11 Questions: Althea Romeo Mark, Writer, Poet, Educator

Althea Romeo Mark is an educator and poet who grew up in the U.S. Virgin Islands. She earned a B.A. in English and Secondary Education from the University of the Virgin Islands and a M.A. in Modern American Literature from Kent State University in the U.S.A. She considers herself a citizen of the world having lived and taught in the Virgin Islands, U.S.A, Liberia, England and now currently Switzerland. She has published 5 collections of poems as well as various short stories and poems in a variety of literary magazines.

1. You are being widely published, more so, recently your poetry were seen in prestigious Journals, this milestone is indeed an accomplished one. Mainstream magazines like the New Yorker would only be glad to publish you 1a. Who/what have been your literary influences?

I have been published by two prominent Caribbean journals. First The Caribbean Writer, which just published its 29th edition, and is published by the University of the Virgin Islands. It has been publishing my poems and short stories off and on, since the 1990’s. Then there is POUI, a literary journal from the University of the West Indies, which has just put out its 16th edition. Coming from the US Virgin Islands, having one’s work published in a journal from the University of the West Indies is considered a great achievement, as they tend to focus only the work of writers from former British colonies. Being published in the New Yorker will be a major achievement. I just need to do it. 1a. I have been part of a few anthologies on Caribbean writings. The earliest is Sisters of Caliban: Contemporary Women Poets of the Caribbean: A Multi-lingual Anthology edited by MJ Fenwick, USA, 1996; Karibia Forteller, published in Norway in 2001(in Norwegian); The Hampden-Sidney Poetry Review: Poetry of the Caribbean (Virginia, USA), WomanSpeak: A Journal of Writing and Arts by Caribbean Women, Bahamas 2014. I am also blessed to be part of Seasoning for the Mortar, a special anthology on Virgin Islands Writing, published by the University of the Virgin Islands in 2004, and have just signed an agreement for the follow-up anthology of Virgin Islands Writings, First the Kata, then the Bundle, which comes out in 2016. I haven’t been influenced by [any] one particular poet, but have learned the craft of writing, and sculpturing poetry from Maya Angelo and Allen Ginsberg. Maya Angelo mentored young poets at a poetry workshop in Liberia in the 1980s and Allen Ginsberg, one of the famous Beat Poets, mentored young poets at the University of the Virgin Islands in the early 1970s. I think my rhythm might be influenced by the rhythm and rhyme of Calypso singers and writers, and the natural sing-song of Caribbean speech patterns. I am a visual person, so I like to work with images. I started out painting and drawing in high school, and switched to painting with words when I got to university.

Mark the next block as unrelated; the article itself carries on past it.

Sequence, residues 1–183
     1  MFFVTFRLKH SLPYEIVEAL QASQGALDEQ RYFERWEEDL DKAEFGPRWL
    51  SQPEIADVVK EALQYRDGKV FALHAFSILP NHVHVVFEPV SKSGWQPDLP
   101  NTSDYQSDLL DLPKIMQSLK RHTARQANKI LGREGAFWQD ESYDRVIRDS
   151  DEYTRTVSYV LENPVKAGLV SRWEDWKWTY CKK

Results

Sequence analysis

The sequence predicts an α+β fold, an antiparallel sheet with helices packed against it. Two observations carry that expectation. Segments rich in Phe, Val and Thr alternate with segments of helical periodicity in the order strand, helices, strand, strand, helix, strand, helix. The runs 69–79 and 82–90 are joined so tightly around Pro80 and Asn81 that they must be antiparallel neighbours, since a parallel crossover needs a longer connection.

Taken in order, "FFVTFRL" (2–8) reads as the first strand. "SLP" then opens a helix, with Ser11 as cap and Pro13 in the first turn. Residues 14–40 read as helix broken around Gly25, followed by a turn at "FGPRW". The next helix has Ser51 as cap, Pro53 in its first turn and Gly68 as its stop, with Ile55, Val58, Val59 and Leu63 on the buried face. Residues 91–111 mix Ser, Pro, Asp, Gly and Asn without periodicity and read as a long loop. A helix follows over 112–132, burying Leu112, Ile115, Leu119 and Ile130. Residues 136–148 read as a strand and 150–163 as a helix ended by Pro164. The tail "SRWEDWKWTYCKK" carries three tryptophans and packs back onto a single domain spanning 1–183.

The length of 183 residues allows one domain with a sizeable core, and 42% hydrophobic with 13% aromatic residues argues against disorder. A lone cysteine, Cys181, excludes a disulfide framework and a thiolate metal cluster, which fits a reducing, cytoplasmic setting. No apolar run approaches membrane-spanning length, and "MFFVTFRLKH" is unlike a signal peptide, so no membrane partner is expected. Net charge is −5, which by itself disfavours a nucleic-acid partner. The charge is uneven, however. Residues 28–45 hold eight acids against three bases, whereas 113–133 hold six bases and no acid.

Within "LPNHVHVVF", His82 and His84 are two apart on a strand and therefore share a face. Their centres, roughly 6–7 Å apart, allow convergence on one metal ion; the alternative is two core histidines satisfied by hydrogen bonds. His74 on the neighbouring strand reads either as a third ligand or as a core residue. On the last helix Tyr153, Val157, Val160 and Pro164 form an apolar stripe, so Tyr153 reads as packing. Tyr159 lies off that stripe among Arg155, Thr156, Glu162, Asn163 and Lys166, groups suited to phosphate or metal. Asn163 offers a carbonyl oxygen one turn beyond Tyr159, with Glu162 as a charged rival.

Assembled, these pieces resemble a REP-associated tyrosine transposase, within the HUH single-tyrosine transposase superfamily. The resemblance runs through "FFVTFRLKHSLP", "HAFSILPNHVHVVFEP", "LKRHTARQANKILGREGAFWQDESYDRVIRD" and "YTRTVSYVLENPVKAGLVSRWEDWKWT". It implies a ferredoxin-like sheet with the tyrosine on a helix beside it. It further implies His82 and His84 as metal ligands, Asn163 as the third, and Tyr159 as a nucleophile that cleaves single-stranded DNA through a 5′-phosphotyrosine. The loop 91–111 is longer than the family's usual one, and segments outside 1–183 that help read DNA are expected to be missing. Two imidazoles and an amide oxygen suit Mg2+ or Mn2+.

2. With these accomplishments, what do you hope to still achieve in this celebrated sojourn?

I hope to be an established name in the Caribbean Literature, and maybe in the world. But that requires constantly being in the limelight which I tend to shy away from. Is more important that I can inspire others to fulfill their dreams of becoming great writers.

3. Would you say your writings reflect your collective personal life experiences?

Yes they do. All writings are inspired by experience, or some seed of truth planted in the world in which you live through mediums like news headline, your immediate environment, traditions, culture, history and the world in its crazy pulse of existence.